ABOUT THE AUTHOR:
G. X. Todd lives and works in the West Midlands. After completing a history degree at the University of Birmingham in 2002, she started working for public libraries where she now drives the library van around the Black Country. In addition to holding a licence, she enjoys spending sunny afternoons riding motorbikes.
When not scaring other road users, she can generally be found writing or building LEGO sets.
'On the cusp of sleep, have we not all heard a voice call out our name?'
Defender by G X Todd is an imaginative thriller that draws on influences from Stephen King, Clive Barker and Neil to create a new world - where the biggest threat mankind faces is from the voices inside your own head. If you loved The Stand, you'll love Defender, the first in a four-part series.
In a world where long drinks are in short supply, a stranger listens to the voice in his head telling him to buy a lemonade from the girl sitting on a dusty road.
The moment locks them together.
Here and now it's dangerous to listen to your inner voice. Those who do, keep it quiet.
These voices have purpose.
And when Pilgrim meets Lacey, there is a reason. He just doesn't know it yet.
Defender you on a wild ride to a place where the voices in your head will save or slaughter you.
I was drawn to the novel by the synopsis, it promised to be not an average read, especially having in mind the comparisons with names like King, Barker and . I was even being ready to disregard the mediocre cover that gave me the " " vibe just because I was sure Todd had something to bring to the table.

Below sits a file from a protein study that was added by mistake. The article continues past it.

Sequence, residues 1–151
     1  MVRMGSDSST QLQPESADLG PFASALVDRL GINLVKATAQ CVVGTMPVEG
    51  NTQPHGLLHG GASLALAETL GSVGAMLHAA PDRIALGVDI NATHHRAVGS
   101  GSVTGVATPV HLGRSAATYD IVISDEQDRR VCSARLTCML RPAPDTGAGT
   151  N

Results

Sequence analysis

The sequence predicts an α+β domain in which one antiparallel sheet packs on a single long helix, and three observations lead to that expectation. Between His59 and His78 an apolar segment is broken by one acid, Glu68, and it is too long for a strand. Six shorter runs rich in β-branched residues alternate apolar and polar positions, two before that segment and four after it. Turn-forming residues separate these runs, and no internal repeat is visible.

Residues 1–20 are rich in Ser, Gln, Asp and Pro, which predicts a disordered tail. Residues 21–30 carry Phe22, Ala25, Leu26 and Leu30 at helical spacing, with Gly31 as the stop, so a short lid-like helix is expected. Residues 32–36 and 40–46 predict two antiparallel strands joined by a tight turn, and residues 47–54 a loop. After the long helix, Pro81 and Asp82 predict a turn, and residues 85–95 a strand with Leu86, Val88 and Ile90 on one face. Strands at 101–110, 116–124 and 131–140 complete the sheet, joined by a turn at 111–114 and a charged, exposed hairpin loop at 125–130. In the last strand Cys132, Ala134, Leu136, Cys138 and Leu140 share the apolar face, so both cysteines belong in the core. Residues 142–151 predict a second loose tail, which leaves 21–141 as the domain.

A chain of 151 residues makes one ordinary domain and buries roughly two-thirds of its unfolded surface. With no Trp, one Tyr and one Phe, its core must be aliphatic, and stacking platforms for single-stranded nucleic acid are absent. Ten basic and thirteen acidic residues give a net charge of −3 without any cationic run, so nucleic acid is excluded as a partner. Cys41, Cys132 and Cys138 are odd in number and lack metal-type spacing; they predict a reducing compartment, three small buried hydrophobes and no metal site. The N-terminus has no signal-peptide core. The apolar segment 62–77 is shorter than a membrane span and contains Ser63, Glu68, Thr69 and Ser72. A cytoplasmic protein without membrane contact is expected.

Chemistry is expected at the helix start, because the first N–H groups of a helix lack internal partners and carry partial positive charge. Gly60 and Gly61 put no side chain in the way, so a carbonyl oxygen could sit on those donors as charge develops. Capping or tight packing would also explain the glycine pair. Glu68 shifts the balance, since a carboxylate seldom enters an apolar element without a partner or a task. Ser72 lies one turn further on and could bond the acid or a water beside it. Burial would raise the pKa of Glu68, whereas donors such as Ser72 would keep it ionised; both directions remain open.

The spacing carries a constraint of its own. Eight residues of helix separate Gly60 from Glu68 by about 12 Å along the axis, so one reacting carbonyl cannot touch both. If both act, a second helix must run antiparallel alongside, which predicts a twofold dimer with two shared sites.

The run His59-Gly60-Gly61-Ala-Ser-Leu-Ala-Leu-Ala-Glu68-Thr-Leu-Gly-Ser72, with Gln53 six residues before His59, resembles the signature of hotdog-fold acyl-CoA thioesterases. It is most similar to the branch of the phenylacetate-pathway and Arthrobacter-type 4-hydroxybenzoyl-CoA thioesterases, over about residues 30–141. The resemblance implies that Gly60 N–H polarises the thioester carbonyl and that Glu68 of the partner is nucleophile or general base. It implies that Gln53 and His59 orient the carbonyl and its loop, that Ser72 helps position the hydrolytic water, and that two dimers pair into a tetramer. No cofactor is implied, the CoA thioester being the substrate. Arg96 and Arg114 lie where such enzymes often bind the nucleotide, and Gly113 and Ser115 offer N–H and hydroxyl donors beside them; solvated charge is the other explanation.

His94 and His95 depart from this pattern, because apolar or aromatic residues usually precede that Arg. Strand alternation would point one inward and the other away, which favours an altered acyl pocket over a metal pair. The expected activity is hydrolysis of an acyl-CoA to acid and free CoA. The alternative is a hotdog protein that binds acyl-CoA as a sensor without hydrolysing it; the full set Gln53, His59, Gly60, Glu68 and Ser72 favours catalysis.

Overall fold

I felt that the whole concept of hearing voices in your head could be developed very interesting almost sending the novel on the verge of postapocalyptic sci-fi, but then it lacked the span and the aim of such read. Now I don't want to be harsh, but there is one thing that makes the authors mentioned above stand out and that is their unique voice, characters and above all setting... In Defender it all felt typical... if not predictable. G X Todd is a good writer, she has all the tools and wording, I like her over-all voice, but I think she got lost somewhere in the middle of the book.
There were a lot of strong points in the novel: for instance the relationship between Pilgrim and Lacey was brilliantly developed! The connection is very real like, very detailed in its presentation. I loved it, but there are other aspects of the novel that put me off.
Often I felt that I was reading a comics, rather than a novel. Not that the narration was scarce or not wordy enough, but the plot read as an almost random sequence of events that the characters undergo without anything to come out of it. I don't know how to explain it but to call it an aimless conquest?! And also, I was lead to believe that the world was almost devoid of humans... in the same time Pilgrim and Lacey met a whole lot of characters, which I found confusing and pointless, because these encounters didn't help us learn more about the characters or their mission. Todd might have just cut them all for-all-that-matters.
I know that for a first instalment in a trilogy Defender is just supposed to set the base for the whole narration but failed to grab my attention. I struggled to remember even parts of it, what is left to continue reading further in the series. Personally, what I look for in a book is urgency and that "AHA" feeling that will leave you hungry for more... Defender disappointed me in that sense. Maybe I was expecting more grandeur and more literature out of it; maybe I set my expectations too high, but end line is it wasn't vivid enough.